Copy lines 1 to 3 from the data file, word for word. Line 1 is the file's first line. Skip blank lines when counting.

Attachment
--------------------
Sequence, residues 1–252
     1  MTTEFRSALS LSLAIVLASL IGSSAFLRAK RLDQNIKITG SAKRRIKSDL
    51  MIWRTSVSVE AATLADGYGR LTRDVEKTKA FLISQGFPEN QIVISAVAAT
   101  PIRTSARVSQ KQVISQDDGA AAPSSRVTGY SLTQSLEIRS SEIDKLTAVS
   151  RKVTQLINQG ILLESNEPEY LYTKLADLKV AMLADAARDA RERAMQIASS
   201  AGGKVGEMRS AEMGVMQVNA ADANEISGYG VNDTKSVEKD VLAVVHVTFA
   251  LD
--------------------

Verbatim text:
Sequence, residues 1–252
     1  MTTEFRSALS LSLAIVLASL IGSSAFLRAK RLDQNIKITG SAKRRIKSDL
    51  MIWRTSVSVE AATLADGYGR LTRDVEKTKA FLISQGFPEN QIVISAVAAT